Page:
When I moved over to the large garden in the back and had ten rows of root vegetables to plant, there was no way I would have been able to complete the task had I not had this little seat. Although the pain is still in my leg, it is far easier to get up from this seat than rolling over from a seated position on the ground to my knees and trying to stand.  With this little gizmo I just rock back and forth a bit, and pop right up. There is far less pressure on my knee, not to mention how much easier this is making things on my back.  Plus, let’s not forget how my butt would feel after sitting on the cold ground if I had to scoot around the garden sowing seeds on it.


Although this is something that is making gardening bearable because of injury, I also think it would be something I would have appreciated if my body wasn’t falling apart.  It is amazing how much easier it is getting up from just a foot off the ground compared to ground level.  Even Grace has taken to the seat and steals it from me whenever I ask her to help out.  For her I think it’s mainly because she doesn’t want to be in the dirt and she sits and rocks in it while I work, but hey, at least she’s comfortable while keeping me company.

So, to Suzanne I have to say THANK YOU, THANK YOU, THANK YOU!  I couldn’t be out there gardening without this, and for YOU I am — Simply Grateful.

The Absolute Easiest Way To Juice A Pomegranate

There is something to be said for too much of a good thing.  The other day while grocery shopping, I just happen to be strolling by the discount produce rack (and I do say strolling by — not making a bee-line for the discount rack the minute I get in the store, shoving anyone who got in my way to the ground) and was thrilled to find three full racks.  It was a dream come true!

One rack was filled with lemons, limes, and oranges all at ridiculously discounted prices.  Every bag of lemons and limes went into my cart.  The next rack was filled with avocados.  I had enough of this in the freezer, so as difficult as it was, I had to pass it by.  The third, well, they saved the best for last — a rack full of bags of pomegranates for $.25 each.  I couldn’t pass that up — every bag that wasn’t oozing juice from seriously overripe pomegranates went into my cart.

Last year I made pomegranate jelly and it was a real hit.  This year, I had other plans.  First and foremost though I had to clean them.  Seeding a pomegranate is one of those tasks that I do not look forward to.  Sure I’ve researched on the Internet all the claims of “easy” methods to seed one of these, and for the most part, about the only one I would recommend would be the underwater method.  It cuts down on the juice making a mess and does make the deed a bit more tolerable, but as for the juicing, there was nothing that sounded the least bit “easy.”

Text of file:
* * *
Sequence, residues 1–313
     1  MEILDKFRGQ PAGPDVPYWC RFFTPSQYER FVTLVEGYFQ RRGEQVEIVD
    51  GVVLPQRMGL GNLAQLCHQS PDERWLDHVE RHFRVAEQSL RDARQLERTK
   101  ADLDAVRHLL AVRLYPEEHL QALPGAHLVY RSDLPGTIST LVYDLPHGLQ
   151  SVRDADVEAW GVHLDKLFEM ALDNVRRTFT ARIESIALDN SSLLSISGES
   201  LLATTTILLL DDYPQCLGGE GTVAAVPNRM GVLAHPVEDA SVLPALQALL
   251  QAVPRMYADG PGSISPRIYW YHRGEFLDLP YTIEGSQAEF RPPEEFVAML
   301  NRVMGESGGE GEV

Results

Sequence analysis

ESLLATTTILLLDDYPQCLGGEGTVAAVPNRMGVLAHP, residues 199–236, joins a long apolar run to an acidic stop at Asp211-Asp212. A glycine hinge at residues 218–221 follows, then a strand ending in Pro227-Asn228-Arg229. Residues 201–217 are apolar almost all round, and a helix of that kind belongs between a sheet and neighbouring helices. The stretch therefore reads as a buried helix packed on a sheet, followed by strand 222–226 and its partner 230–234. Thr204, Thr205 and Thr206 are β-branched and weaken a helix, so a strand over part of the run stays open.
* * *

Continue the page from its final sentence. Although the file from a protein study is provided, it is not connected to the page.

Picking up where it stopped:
Every site I visited for “juicing” a pomegranate first offered their own “easy” method to seed it.  My favorite had to be the guy who claimed he could seed one in less than 10 seconds by whacking it with a wooden spoon.  I tell you what, if I’m going to whack a pomegranate, it ain’t going to be to get seeds out of it and there probably wouldn’t be much of it left by the time I got done with it.  Whacking it!  I don’t think so.

Not finding anything that would miraculously make the task before me “easy,” I set to work seeding the fruit using the underwater method.  I got to the third one and was done.  I’d had enough.  Honestly I’m not lazy, I just didn’t have time for this.  There were pumpkins to can, the last batch of jalapeno peppers from the garden, the final beet harvest, sauerkraut to make, and the best news of all…cranberries are back in season and I have tons of recipes I’m dying to try.  Spending a few hours seeding the 20+ pomegranates on the counter, was not an option.

Standing there at the counter, staring at the fruit I’d bought — a huge bowl filled to the brim with lemons and limes and a counter full of pomegranates, inspiration hit.  Why not juice the pomegranates the same way I juice my lemons and limes.  What’s the worst that could happen?  I could get the job done in record time with minimal mess and even less effort.  I had to try it.

I pulled out my handy-dandy juicer.  I don’t have one of those wonderfully complex machines that you feed your fruit into one end and a perfect juice comes out the other.  No, I’m a bit more of a hands-on type of gal.  I’ve got a hand-me-down juicer that my father gave me about 10 years ago.  It has juiced more lemons, limes, oranges, and grapefruit than I care to remember and is still going strong (knock on wood).


Next I sliced all the pomegranates in half.  This was pretty messy, but expected.


Then I took one of the halves and placed it on the juicing part (I’d get more technical here, but I have no idea what you’d call that thingy on top that does all the work) and pressed down.  Within 15 seconds I could feel that the pulp was gone inside the pomegranate shell.  Looking into the base of the juicer, I had juice and in the top were a bunch of white seeds.  Wow!  Talk about easy.